Richard realized that he wasn’t going anywhere with his academics and finally left Stowe School when he was almost seventeen, after cheating on the final history test.
The headmaster’s parting words were “Congratulations, Branson. I predict that you will either go to prison or become a millionaire.”
The Student magazine became a way to give young people a voice and challenge the perceptions of youth culture. Readers were intellectually absorbed into a variety of topics including music, pop culture, the Vietnam and Biafra wars, and other various issues still unaddressed and relevant today. The magazine expanded with several prominent people giving interviews like Mick Jagger and John Lenon.
Moving into music
At the same time, Richard noticed one recurring detail that was a huge part of every Student gathering – music. The revolutionary dreams of young generations changing the world, the politics, the anarchy, all of it fascinated him. What he also noticed is that if people were to choose between buying the new Bob Dylan record and buying food, they would go for Dylan. Richard thought about selling cheap mail-order records through the magazine. To do this, they came up with the name “Virgin”, because they were all virgins when it came to business.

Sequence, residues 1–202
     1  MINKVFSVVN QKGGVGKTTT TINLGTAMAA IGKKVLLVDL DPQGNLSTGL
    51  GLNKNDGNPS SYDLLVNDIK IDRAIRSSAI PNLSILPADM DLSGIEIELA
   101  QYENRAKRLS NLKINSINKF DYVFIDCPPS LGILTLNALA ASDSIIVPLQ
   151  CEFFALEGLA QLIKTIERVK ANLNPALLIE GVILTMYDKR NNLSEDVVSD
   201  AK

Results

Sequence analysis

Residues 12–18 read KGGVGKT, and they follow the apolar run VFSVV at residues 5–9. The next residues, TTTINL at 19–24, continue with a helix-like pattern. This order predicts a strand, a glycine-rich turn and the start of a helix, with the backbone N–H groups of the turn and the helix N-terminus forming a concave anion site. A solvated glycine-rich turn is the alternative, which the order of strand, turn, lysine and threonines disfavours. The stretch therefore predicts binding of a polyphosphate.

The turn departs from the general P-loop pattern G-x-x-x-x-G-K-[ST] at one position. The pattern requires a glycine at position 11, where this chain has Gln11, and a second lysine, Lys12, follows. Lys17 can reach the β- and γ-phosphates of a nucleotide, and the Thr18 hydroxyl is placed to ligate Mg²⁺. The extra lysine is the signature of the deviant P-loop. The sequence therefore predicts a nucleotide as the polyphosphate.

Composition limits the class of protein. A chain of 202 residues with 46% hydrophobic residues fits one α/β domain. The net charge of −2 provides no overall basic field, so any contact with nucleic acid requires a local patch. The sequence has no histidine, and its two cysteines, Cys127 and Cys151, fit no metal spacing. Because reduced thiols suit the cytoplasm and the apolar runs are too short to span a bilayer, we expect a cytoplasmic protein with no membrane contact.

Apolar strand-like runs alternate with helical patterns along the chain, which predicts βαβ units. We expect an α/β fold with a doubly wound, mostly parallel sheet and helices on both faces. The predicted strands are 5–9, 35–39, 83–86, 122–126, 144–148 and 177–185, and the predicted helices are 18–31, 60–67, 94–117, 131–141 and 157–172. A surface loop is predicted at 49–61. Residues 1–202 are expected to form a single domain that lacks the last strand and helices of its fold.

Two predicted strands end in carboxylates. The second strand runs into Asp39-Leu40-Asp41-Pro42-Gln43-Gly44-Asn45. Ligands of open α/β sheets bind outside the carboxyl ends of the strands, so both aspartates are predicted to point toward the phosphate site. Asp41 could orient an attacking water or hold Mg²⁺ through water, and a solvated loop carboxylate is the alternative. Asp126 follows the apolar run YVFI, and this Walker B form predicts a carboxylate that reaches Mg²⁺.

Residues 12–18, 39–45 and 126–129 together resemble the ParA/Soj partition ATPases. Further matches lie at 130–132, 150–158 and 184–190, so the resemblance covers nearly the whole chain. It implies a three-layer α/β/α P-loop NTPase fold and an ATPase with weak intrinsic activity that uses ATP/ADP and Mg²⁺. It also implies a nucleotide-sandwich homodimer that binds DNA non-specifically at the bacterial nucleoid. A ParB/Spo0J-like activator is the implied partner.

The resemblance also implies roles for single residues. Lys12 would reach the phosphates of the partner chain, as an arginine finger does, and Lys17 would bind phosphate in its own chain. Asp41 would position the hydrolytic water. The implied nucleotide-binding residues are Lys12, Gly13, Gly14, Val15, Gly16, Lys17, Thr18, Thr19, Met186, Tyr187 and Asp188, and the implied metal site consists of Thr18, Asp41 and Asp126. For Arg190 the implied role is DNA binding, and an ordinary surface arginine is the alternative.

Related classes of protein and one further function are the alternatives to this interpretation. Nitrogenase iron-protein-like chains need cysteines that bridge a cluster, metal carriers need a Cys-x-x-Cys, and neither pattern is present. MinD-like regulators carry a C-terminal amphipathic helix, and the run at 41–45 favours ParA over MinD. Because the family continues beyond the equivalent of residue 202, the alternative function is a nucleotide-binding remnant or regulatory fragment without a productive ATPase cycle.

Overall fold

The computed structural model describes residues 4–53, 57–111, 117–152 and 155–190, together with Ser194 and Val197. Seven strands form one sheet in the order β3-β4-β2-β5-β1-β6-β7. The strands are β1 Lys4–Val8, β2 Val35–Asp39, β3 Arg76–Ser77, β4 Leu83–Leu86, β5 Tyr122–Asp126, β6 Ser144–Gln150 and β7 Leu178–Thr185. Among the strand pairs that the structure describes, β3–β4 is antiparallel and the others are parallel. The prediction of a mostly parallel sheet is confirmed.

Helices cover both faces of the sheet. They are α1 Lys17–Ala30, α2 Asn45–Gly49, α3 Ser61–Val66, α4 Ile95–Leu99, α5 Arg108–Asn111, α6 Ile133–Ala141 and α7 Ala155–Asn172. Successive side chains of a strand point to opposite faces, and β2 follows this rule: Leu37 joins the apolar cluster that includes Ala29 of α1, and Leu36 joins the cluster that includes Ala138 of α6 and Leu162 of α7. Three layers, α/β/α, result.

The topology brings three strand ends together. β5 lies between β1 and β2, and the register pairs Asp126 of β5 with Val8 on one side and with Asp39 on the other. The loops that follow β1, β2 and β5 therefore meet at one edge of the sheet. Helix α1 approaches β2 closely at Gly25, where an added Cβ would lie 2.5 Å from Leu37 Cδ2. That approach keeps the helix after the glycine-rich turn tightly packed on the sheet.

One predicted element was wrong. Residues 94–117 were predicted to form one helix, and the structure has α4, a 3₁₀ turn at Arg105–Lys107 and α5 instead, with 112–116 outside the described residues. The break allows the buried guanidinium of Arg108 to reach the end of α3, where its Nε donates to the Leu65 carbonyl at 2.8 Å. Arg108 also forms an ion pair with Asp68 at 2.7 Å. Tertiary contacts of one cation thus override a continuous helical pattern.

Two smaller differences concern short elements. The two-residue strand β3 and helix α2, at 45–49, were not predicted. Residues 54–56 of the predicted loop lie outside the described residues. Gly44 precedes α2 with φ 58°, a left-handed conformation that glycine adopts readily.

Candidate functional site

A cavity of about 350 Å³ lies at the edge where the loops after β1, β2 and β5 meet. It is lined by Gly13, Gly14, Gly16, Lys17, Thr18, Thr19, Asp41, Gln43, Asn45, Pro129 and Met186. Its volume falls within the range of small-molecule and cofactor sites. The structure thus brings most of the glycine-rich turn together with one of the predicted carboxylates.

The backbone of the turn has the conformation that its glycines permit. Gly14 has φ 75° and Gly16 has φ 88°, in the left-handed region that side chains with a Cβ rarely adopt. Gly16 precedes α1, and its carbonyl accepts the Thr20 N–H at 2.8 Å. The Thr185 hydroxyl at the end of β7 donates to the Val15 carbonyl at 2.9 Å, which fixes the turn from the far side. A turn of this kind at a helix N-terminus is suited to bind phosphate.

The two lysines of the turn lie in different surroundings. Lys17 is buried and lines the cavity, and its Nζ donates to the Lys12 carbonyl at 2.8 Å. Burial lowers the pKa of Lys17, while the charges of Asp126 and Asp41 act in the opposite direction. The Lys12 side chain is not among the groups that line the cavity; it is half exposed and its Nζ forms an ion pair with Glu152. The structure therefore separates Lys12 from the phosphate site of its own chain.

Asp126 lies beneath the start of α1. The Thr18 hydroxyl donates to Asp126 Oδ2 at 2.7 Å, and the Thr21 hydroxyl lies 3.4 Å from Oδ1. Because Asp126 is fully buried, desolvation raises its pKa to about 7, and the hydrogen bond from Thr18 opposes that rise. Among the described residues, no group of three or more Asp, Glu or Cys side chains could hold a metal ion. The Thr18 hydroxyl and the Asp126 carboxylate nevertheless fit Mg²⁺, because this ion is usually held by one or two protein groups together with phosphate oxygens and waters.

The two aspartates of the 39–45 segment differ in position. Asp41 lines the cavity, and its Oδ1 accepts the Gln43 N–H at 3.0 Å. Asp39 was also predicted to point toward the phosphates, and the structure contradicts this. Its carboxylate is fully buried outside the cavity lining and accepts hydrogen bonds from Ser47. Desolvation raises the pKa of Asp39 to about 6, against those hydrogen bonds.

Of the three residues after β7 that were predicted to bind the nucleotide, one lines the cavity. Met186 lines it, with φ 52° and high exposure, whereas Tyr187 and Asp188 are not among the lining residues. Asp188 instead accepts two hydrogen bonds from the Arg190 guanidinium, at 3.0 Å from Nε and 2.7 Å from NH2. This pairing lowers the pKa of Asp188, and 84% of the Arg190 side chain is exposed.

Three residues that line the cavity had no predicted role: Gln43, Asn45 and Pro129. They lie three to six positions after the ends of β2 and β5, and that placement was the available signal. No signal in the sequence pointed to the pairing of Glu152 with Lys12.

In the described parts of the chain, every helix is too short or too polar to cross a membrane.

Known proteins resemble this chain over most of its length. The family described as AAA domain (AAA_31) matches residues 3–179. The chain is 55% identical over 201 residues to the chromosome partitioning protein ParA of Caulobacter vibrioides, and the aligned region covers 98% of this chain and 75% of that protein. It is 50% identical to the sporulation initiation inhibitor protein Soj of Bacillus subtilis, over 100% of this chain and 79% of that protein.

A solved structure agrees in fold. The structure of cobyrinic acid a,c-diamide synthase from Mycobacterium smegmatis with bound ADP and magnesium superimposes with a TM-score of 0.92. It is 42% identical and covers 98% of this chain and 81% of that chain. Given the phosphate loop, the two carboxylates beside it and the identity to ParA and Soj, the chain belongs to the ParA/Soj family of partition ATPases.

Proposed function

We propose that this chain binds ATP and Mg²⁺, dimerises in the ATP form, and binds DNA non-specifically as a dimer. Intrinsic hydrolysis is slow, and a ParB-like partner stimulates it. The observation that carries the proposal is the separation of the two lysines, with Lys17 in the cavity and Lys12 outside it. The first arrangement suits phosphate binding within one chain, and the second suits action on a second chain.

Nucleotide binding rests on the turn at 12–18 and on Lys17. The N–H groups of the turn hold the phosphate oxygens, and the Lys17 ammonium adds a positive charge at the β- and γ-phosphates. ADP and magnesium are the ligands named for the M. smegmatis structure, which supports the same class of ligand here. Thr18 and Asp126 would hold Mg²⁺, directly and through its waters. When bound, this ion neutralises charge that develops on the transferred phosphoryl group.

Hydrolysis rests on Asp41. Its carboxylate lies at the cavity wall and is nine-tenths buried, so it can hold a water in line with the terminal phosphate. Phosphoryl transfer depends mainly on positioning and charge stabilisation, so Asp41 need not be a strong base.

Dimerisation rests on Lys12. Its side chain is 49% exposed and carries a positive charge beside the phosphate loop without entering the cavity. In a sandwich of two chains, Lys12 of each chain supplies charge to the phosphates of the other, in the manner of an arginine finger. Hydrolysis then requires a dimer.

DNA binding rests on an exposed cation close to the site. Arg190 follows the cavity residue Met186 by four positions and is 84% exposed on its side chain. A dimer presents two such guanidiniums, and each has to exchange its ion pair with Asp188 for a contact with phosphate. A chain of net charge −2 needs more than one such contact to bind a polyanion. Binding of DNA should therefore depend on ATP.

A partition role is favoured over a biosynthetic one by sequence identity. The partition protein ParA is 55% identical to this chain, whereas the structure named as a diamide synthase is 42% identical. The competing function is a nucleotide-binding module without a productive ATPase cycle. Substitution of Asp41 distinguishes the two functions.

But in 1970, the Student magazine died quietly, as the Virgin Mail Order took its place. In January 1971, Post Office workers went on strike causing the Virgin mail-order business to almost collapse. To save the company, he came up with a physical shop of Virgin. People conceived it as a place where they could socialize and listen to records together, get absorbed into the music they were going to buy. He then created Virgin Records, a record label to promote unknown but talented musical artists. Virgin Records eventually became the world’s largest independent record label.
Taking the aerial route
Branson’s interest was not limited to the music business. By 1983 his empire of over 50 companies generated combined sales of more than $17 million. In 1984, he started his own airline business named Virgin Atlantic. But again, disaster struck in 1992 when his airline business nearly went bankrupt.
To sell his Virgin Records to Thorn-EMI to keep his airline flying. The sale was just below the $1 billion mark, and Branson managed to pay off the bank now owning Virgin Atlantic wholly. Branson won the battle, but lost his beloved music company and felt crushed. From then on, he was always determined to never owe more than he earned.
In 1999, Richard Branson was knighted for his services to entrepreneurship. In 2002, he was named in the BBC’s poll of the “100 Greatest Britons” and in November 2017, Forbes listed Branson’s estimated net worth at Rs 3,320 crore.
Today, Richard controls more than 400 companies in 30 countries. He always challenged himself to go a step further believing that he can not only compete with large enterprises but that he could do their job better.
The repetitive failures never deterred him and today, he is reaping the benefits of his calculated risks that he took over two decades ago. He is truly an inspiration to all those who are born with certain disabilities and gives them hope that it is always possible to achieve big in life, for the sky is the limit.